The past month has seen utility stocks lagging the market, a trend which could continue as economic fears recede. Economic data might continue to improve, prompting investors to move away from the traditionally defensive utilities sector and into more cyclical areas of the market.
Although market expectations for Fed rate hikes in 2016 have declined, rising inflation, along with the stabilization of the dollar, could lead to rates higher than what the market is currently expecting. This would likely result in investors moving out of the “yield-chasing” trade that has helped to boost the sector. Stock valuations in the utilities sector are higher than historical averages, as investors who followed utility stocks’ relatively higher yields may increasingly look to get out of the sector.
The utilities sector’s positive factors include:
Improvement in housing: An improving housing market could lead to higher electricity demand in developing areas, and there are signs that may be occurring as housing stats have started to creep up again.
Attractive dividends: Dividend-paying stocks remain attractive compared to relatively low yields on conservative fixed- income products and defensive, dividend-paying stocks could become even more attractive if economic prospects decline.
However, these potential positives don’t outweigh concerns. As it’s a defensive sector, the utilities sector could be hurt by Federal Reserve policy, as loose monetary policy typically makes riskier assets more attractive. That tends to make the utilities sector less appealing to investors. Moreover, the regulatory environment is a concern as increased demand for “green” initiatives could increase costs for the group.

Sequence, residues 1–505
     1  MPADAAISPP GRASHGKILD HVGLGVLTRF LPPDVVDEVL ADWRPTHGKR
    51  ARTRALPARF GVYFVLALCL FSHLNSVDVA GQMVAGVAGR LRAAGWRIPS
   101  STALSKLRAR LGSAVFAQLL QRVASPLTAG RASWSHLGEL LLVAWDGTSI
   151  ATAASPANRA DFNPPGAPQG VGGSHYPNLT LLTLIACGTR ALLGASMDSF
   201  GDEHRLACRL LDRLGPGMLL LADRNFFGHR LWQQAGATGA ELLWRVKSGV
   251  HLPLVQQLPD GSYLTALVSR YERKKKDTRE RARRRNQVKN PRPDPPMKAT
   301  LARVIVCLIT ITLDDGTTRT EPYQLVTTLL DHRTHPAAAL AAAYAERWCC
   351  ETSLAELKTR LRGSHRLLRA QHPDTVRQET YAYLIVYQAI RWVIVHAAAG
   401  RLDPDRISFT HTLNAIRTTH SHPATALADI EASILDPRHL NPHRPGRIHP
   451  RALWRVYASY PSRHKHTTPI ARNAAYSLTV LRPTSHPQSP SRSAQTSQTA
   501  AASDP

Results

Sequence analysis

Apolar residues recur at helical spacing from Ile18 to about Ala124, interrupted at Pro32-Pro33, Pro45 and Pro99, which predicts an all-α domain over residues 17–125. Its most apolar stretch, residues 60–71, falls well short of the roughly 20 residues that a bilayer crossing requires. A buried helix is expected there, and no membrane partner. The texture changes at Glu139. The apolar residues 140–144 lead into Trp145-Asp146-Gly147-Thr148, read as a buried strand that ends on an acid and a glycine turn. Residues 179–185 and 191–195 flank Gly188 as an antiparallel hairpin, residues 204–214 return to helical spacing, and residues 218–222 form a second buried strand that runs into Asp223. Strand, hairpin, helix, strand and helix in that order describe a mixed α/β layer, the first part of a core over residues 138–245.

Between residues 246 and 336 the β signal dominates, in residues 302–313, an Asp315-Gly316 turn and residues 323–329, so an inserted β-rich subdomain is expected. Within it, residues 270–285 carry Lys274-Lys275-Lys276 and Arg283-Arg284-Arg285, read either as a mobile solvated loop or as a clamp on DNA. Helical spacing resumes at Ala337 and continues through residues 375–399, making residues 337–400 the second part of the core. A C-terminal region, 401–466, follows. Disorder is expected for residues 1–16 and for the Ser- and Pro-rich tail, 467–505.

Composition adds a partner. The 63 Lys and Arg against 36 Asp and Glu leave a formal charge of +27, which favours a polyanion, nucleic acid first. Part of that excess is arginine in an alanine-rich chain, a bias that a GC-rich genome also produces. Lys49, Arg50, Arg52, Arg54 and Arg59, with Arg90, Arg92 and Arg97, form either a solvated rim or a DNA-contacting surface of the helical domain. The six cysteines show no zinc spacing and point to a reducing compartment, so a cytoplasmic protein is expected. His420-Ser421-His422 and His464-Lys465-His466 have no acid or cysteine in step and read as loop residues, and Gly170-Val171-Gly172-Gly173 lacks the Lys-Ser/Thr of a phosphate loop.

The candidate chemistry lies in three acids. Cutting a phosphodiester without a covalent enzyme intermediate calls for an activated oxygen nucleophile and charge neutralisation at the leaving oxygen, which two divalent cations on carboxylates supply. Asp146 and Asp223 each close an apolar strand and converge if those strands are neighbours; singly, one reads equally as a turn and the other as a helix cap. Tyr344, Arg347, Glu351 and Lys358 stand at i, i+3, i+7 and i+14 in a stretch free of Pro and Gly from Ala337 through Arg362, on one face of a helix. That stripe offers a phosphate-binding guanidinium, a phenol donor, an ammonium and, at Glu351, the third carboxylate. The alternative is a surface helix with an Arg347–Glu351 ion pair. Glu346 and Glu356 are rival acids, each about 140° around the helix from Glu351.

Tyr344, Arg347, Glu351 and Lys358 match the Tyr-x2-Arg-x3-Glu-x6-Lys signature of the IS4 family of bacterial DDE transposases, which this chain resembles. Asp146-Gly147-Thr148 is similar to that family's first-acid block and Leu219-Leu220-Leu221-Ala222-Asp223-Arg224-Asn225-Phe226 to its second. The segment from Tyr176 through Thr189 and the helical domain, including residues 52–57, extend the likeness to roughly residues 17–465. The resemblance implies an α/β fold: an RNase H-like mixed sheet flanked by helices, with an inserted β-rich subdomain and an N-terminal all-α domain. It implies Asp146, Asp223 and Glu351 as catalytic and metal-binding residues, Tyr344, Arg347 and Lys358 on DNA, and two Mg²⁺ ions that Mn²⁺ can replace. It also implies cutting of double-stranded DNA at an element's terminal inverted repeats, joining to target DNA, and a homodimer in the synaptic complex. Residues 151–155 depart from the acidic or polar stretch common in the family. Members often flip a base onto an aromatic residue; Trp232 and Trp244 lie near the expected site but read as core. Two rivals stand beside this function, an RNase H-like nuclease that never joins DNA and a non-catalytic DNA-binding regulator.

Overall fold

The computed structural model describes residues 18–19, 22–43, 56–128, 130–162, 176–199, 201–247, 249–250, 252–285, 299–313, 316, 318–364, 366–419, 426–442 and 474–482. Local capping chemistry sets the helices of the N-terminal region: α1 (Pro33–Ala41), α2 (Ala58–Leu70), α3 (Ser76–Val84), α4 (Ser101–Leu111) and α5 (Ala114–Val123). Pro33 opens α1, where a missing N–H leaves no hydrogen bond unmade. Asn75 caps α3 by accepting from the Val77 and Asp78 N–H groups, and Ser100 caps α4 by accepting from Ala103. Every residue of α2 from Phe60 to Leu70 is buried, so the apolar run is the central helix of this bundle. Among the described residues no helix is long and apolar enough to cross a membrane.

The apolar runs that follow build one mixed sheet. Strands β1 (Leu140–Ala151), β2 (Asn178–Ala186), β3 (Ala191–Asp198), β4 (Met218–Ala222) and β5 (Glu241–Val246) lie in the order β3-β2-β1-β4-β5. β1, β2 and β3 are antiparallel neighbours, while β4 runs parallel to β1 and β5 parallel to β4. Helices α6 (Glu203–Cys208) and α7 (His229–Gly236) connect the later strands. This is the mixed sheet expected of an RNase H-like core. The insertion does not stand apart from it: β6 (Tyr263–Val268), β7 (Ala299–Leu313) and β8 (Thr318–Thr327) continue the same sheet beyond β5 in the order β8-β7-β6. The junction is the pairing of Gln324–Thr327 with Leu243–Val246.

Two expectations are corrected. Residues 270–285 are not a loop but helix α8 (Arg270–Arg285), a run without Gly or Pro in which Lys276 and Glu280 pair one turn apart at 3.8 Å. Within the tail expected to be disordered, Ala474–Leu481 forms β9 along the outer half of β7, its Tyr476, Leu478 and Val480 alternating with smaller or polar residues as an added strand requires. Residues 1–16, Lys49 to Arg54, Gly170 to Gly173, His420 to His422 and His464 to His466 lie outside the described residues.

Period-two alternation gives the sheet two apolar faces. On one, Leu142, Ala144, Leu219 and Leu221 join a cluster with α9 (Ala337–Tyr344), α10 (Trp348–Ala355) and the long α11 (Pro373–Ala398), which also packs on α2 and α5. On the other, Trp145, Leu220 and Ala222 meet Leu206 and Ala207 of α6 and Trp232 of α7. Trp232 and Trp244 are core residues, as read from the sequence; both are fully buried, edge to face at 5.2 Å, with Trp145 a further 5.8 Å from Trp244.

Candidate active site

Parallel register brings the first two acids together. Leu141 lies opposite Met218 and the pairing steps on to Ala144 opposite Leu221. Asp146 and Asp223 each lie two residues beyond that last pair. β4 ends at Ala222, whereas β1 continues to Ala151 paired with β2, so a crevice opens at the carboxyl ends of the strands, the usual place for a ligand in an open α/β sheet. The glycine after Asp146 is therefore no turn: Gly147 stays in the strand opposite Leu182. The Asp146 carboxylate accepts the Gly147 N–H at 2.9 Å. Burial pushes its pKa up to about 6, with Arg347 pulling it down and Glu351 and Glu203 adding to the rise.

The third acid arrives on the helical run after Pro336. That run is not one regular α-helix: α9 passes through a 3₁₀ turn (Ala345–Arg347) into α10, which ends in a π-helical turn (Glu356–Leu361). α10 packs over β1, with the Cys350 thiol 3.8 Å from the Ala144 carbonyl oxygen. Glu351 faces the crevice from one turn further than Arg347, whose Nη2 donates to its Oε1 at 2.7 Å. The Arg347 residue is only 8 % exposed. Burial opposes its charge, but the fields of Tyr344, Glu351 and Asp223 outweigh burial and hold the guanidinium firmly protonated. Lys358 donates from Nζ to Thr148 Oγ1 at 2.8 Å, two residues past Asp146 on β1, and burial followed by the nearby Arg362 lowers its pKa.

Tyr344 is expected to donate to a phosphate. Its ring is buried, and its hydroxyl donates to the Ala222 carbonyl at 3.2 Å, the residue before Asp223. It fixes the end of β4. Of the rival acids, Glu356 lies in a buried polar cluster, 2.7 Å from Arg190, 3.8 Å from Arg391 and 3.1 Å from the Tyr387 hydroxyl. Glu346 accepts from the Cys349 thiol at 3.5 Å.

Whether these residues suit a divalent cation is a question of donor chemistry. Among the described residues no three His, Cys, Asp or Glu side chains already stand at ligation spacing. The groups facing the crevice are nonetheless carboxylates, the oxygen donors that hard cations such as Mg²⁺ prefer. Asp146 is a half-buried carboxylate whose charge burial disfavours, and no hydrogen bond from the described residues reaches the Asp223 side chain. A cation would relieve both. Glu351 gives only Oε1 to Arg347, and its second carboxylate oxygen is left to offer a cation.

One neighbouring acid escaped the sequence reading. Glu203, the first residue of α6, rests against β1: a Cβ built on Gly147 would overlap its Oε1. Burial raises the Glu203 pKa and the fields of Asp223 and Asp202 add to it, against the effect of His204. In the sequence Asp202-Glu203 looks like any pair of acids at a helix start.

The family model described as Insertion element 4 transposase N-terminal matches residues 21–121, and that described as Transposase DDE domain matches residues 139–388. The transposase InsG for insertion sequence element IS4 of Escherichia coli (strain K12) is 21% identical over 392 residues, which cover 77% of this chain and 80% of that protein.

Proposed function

The utilities sector’s negative factors include:
High fixed costs: Capacity growth has been rising, which has been a sign of underperformance for the sector in the past.
Accelerating economic growth: This would likely make the defensive utilities sector less attractive.
Rising interest rates: This would make the yield-heavy utilities sector less competitive with fixed income investments. Moreover, relatively high debt ratios in the sector could be a problem.
Increase in costly regulations: There could be an increase in the cost of doing business for the utility companies because of the imposition of increased environmental regulations.
Although it can be difficult to resist the year-to-date outperformance of the sector, a stronger economy and valuation issues facing the industry support a rating of underperform for the utilities sector.
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